The &£39.99 ITV Digital subscribers must pay to keep their boxes is a bargain – Sky won’t be savaged by a dead Monkey, but Freeview will get a fillip, says Torin Douglas
I have just sent off a cheque for &£39.99 to ONdigital. (You remember ONdigital. The old name for ITV Digital is now the new name again, presumably so that ITV won’t get even more bad publicity when its liquidator asks for the boxes back).
It’s a payment I had hoped I would not have to make.
When Grant Thornton, the liquidator, announced last month it was going to reclaim more than 1 million old set-top boxes, it came as a shock to many former subscribers. Some regarded it as an almighty cheek, considering that ITV Digital had defaulted on its service, leaving many subscribers out of pocket.
This view was aired strongly on Radio 5 Live’s breakfast show, where joint liquidator Malcolm Shierson got such a going-over from the presenters that one felt quite sorry for him. He tried to point out that all those boxes that had been “given away free” were actually on loan and still belonged to the company. It was his duty to sell them to raise money for ITV Digital’s creditors, who were owed &£1.2bn.
Shierson presented former customers with a choice. Either buy the box for &£39.99 – a saving of &£60 on the cost of a new Freeview set-top box – or ring the call centre and arrange for it to be collected free of charge.
In 5 Live phone-ins, some angry listeners pointed out that they had paid a year’s subscription in advance and demanded a refund for the months of viewing they had not received. (I understand they will be treated sympathetically).
Others said they would charge ITV Digital a “storage” cost for looking after its box. Some said they had thrown theirs away when the service stopped and they had signed up with cable or Sky instead. And others said that if they bought the box, they would want to send the cheque direct to one of the Football League clubs, the most high-profile of ITV Digital’s many creditors.
My own view was one of surprise that Grant Thornton had decided it was worth the time, effort and expense of trying to reclaim the boxes. Like all digital technology, set-top boxes are constantly coming down in price and size and improving in specification, so who – apart from the existing owners – would pay anything for the old ones? And if the existing owners didn’t want to keep them, how much would it cost to collect them?
My second surprise was that the receiver had reached me so quickly. With more than 1 million “free” boxes out there, and the demands going out in batches of 50,000, I thought I might have had a few months’ grace at least. I also hoped that, after those few months, Grant Thornton might decide it wasn’t worth pursuing everyone, because the response rate was so low and it was costing more to pick up unwanted boxes than it got back for the wanted ones.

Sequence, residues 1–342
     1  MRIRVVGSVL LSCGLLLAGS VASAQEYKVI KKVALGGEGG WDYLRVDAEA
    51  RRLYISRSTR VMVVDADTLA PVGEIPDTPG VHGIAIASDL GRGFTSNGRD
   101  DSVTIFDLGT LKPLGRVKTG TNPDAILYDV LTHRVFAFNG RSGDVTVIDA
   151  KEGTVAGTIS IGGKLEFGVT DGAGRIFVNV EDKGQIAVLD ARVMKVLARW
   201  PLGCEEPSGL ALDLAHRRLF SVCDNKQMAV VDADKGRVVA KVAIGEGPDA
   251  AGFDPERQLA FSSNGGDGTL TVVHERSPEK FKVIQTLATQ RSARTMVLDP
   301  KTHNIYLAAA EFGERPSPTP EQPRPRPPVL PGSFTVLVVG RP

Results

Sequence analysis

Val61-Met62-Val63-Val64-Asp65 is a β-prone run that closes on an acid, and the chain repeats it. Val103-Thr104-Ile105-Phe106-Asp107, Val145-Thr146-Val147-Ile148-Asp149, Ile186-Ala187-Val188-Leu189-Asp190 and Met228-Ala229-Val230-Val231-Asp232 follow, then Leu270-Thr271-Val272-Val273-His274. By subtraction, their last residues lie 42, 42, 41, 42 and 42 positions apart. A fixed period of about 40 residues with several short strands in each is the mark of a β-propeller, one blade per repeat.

No such luck. But having got the demand, I had no hesitation in paying up. Unlike some ONdigital customers, I always knew the box was on loan. And now that Freeview is operational, the &£39.99 price tag does represent something of a bargain. The liquidator’s letter set it out succinctly: “Digital TV through an aerial currently offers up to 30 digital TV and 11 digital radio channels. A new set-top box costs around &£100, but you can purchase yours for a one-off payment of only &£39.99.”
An accompanying leaflet listed all the available TV channels (though not, strangely, the radio ones) and explained how to retune the box if you had not already done so.
It also answered a not unimportant question: “Q. I already have cable/satellite – why would I want to purchase a set-top box?” I already knew the answer (it’s not hard), but one of the 5 Live presenters didn’t, which is why he made the mistake of giving away his ONdigital box once he began subscribing to Sky. He was a bit upset when I told him the answer: “A. The box can be used to receive digital TV through your aerial on additional sets in your home.”
In other words, forget the fact that pay-TV offers a much wider choice (at much greater cost) than Freeview. That’s a debate for the living-room TV, or for those without digital TV at all. You’ve probably also got a set in the bedroom or kitchen which can only get five channels. For &£39.99, you could make it receive up to 30, plus 11 radio networks. Why wouldn’t you?
My decision was put into perspective by a letter I had just received from Sky – which also came as a shock. It told me that the cost of my channel-package subscription was going up to &£38 a month in January. Add in &£10 for the subscription on my Sky+ box, and that’s &£48 a month! Almost &£600 a year!
Millions of Sky customers will have received the same letter. I suspect that most, like me, will continue to pay up: multi-channel TV is still growing in popularity. Last year it took a 22 per cent share of all viewing, almost as much as ITV.
But for some, it will be the trigger to rethink their multi-channel habit, trading down to a cheaper package or cancelling altogether. Or even, dare I say, considering Freeview?
Torin Douglas is media correspondent for BBC News